There must be more intersectional visions of the future that include all races, genders, sexualities, species and religions.
Ever noticed how few black characters there are in sci-fi flicks? How those that do exist are sidekicks, baddies or set up to die? How the attitude towards space exploration is markedly similar to colonisation? That the robots are almost always slaves to human masters? (no wonder they end up coming after us in the other handful of narratives) How economic and racial inequalities either magically become non-issues or are aggravated even more while everyone remains nonplussed?
These are some of the questions that Afrofuturist writers, artists and filmmakers from Philadelphia to Lagos, Rotterdam to Cairo and beyond are highlighting, inspired by the likes of interstellar jazz musician Sun Ra (famous for Space is the Place), and black feminist sci-fi writer Octavia Butler. By using science fiction to unpack hard-hitting social issues, these voices are saying we need more intersectional visions of the future that include all races, genders, sexualities, species and religions that make up humanity.
What is different to traditional science fiction is that Afrofuturism generally doesn’t play out in the distant abstract future but is set in the impending present. After all, technology-wise we’re living in the future that many of us grew up reading about – except for the flying cars. Many are also living the proverbial apocalypse. From the terrorist attacks in Paris, Beirut, Burundi and Baghdad to the earthquakes in Japan and Mexico, and the continued need for Americans to be reminded that #Blacklivesmatter, how much more catastrophic does it need to get before we agree that it’s time to reimagine our collective future?
That’s not to ignore the lived experience of everyday domestic apocalypses such as sexual abuse and violence. This is what Philadelphia-based social worker Ras Mashramani and lawyer Rasheedah Phillips translate into Afrofuturist fiction. Along with musician and writer Camae Defstara aka Mother Moor Goddess, the three women spread their work through photocopied zines that deal with issues like gentrification using the space invader metaphor, and domestic and sexual abuse through the lens of alien abductions.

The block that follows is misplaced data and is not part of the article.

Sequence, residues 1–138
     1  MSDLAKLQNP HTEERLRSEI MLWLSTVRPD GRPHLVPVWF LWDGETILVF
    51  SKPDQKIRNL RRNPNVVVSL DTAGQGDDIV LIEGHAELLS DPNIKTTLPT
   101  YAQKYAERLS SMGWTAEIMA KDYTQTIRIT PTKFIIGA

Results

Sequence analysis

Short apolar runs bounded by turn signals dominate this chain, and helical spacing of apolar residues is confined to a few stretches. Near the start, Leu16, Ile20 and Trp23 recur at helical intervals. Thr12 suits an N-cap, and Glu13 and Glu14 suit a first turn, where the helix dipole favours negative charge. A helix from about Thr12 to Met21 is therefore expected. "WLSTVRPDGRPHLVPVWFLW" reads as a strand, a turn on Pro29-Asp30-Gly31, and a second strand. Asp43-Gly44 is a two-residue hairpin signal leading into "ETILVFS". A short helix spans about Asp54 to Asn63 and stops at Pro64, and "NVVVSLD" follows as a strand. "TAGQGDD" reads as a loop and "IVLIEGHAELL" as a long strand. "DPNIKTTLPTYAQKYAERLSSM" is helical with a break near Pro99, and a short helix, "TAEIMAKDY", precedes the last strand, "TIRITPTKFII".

BACK TO THE FUTURE
For many, along with the one in nine people in the world that go hungry every single day, even the notion of thinking about a future beyond the existing apocalypse – their next meal – is a provocation. Here Phillips, also the founder of the Afrofuturist Affair, proposes revisionist historical narratives that recast people of colour, women and LGBTI people as heroes of their own destiny.
In mainstream sci-fi, the time-travel paradox – in which changing something in the past might erase your very existence – trips up any attempt at changing history. However, says Phillips, this is a linear sense of time in which we are all slaves to the clock. In Black Quantum Futurism, she bends space and time in order to see into alternative futures.
TECHNOLOGY WON’T SAVE US
Unlike the externally imposed Western sense of time, an African sense of time is innately human and “it’s time” when everyone gets there. Egyptian graphic novelist Sherif Adel stretched time in his satirical depiction of Cairo in 1,000 years. Spoiler: he reckons it will be about the same – one giant traffic jam. This dystopian future expresses the disappointment following the Arab Spring revolution euphoria when mobile messaging technology was heralded as a rallying cry for the masses to bring down every corrupt state. And then the dust settled and the same people were still in power, only worse than before.
It is for this reason that novelists such as Nigerian-American Nnedi Okorafor is addressing political complexity with magical realism, best seen in Who Fears Death, winner of the World Fantasy Award for Best Novel. This year she published the prequel, The Book of Phoenix. The books engage with issues of ethnicity, female genital mutilation, gender equality and colonization.
The work of Egyptian graphic novelist Sherif Adel
Charl Landvreugd’s Movement Nr 8: Destination Inner Space looks at a future vision of art in which a black body can talk about humanity in general, not just ethnicity. He says that he is from Rotterdam and the city is his home, but he has multiple homes, as with increasingly more people, regardless of ethnicity, impacted by migration. “Through the black body I’m trying to give a glimpse of us in the future.”
“I see the urgency of Afrofuturism for Rotterdam as a postcolonial, multiethnic city with a strong presence of the black diaspora. It is the speculative and non-white vision that this city needs, against the currently dystopian rule driven by angst-ridden white nostalgia,” Florian Cramer, says. Because of its experimental DIY countercultural avant garde quality, Cramer places Afrofuturism in the same realm as the punk, Fluxus, hacker and net.art movements. “It’s like being in London in 1977 and witnessing the beginnings of punk.”
Still, Afrofuturists are slim on the ground in Europe when compared to the US and Africa. However, as the neoconservative hatches come down in response to terrorism, there has never been a better time: what we know from punk is that fascism fuels counterculture. The time is now to make #Blackfuturesmatter.